For Rick, with much respect.
Probably three of the words you never want to hear from your doctor are “I’m sorry but ... ”
This week one of our hep c tribe got some news
that was pretty tough. It certainly took the wind out of a few people’s sails. This person had gone from being undetected at 4 weeks to having a viral load of 20,000-ish on the last day of treatment.
As you can imagine that is hard news to hear. To receive that news and relay it to others with dignity and grace - well I don’t know how they did it. I’d be curled in the foetal position.
I think the reason it hits us so hard is that we become so invested with the hopes and fears of other people undergoing treatment. One person’s success becomes a success we can all hope for. If one person has a relapse we are heartbroken for them, but also for our own possibilities.
Scratch one of us, we all bleed.
We want a cure. We want that cure to stick. We don’t just want it for ourselves, we want it for everyone.
We are a tribe that is scattered all around the world. We are male and female, we come from many nationalities and beliefs, we are old, young and everything in between. But we all have this in common. We are united in our desire to see a life without hepatitis C for all who live in its shadow.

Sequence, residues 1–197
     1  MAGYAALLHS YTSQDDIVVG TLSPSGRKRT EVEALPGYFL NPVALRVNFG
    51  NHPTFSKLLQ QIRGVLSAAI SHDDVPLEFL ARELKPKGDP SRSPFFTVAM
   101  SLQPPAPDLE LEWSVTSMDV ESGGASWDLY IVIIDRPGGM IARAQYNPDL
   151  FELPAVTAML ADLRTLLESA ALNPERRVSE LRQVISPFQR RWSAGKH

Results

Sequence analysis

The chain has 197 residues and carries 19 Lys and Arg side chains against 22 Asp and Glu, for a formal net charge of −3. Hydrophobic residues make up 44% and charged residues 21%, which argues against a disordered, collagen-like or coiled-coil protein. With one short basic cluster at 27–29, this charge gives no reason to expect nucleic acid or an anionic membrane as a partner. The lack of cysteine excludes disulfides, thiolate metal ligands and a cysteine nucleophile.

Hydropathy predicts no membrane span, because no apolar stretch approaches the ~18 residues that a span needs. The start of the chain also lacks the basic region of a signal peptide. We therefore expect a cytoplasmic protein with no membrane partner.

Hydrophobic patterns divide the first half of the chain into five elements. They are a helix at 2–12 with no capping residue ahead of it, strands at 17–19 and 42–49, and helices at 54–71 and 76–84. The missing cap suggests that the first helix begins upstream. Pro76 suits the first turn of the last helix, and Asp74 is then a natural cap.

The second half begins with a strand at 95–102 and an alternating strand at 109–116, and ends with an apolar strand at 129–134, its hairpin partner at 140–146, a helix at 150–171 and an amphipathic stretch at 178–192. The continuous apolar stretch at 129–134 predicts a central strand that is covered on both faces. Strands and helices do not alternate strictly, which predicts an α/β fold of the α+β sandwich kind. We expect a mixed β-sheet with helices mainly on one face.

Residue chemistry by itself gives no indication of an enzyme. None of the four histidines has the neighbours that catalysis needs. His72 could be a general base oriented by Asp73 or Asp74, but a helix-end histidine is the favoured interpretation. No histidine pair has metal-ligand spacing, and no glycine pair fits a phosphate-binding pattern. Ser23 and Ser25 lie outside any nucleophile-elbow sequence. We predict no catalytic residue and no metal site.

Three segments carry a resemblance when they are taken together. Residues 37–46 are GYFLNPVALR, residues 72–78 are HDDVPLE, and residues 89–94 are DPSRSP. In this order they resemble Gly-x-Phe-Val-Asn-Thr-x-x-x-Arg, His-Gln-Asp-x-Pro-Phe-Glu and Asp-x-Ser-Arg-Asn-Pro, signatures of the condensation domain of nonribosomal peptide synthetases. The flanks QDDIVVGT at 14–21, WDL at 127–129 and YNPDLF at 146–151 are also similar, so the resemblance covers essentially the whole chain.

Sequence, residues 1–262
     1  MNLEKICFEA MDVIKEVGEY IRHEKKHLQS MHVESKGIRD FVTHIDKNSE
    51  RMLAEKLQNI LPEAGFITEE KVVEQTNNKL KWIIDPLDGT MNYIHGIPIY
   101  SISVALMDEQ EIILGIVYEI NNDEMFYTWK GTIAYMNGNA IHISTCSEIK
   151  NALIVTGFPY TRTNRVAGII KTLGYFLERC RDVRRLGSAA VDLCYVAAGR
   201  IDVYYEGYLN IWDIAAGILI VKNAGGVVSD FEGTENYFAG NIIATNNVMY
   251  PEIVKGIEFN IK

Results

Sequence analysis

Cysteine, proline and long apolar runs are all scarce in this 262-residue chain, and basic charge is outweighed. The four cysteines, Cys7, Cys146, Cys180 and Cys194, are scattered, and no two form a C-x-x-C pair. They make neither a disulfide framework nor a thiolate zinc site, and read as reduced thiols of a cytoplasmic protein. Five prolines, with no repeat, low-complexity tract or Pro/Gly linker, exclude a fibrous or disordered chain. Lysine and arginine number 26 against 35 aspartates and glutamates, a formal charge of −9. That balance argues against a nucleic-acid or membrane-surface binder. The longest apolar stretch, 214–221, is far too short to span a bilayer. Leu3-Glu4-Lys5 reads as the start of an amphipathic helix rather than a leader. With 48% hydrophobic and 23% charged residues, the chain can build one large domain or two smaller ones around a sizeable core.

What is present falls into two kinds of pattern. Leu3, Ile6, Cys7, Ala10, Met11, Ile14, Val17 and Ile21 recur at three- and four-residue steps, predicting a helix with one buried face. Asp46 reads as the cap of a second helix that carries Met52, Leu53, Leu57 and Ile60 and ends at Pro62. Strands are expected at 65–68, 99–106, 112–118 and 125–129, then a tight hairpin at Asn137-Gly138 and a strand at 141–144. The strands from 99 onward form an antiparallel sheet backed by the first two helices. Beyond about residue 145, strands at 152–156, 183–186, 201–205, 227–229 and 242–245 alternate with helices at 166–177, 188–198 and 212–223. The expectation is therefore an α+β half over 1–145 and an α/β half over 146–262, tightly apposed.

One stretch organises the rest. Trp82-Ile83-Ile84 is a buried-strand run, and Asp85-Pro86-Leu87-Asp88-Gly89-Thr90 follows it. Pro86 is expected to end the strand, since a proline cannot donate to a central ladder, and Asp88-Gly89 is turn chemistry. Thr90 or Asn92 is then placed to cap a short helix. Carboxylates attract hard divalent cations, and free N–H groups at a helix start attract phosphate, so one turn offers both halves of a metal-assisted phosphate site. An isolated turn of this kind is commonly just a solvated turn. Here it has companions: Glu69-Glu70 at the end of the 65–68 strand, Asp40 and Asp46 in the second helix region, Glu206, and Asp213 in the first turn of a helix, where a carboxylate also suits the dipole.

So when a member of our tribe, whether we know them in real life or not, gets bad news, it’s a sadness for us all.
As one would expect from this person, they decided long ago not to be defined by hepatitis C and its numbers and markers. His comment was “this sickness is but a nuisance on the trails I love to tread.”
Although we might not be in there in person, we would be honoured to tread those trails with him. "The Journey
... It was already late
enough, and a wild night,
and the road full of fallen
branches and stones.
But little by little,
as you left their voices behind,
the stars began to burn
through the sheets of clouds,
and there was a new voice
which you slowly
recognized as your own,
that kept you company
as you strode deeper and deeper
into the world,
determined to do
the only thing you could do --
determined to save
the only life you could save."
- Mary Oliver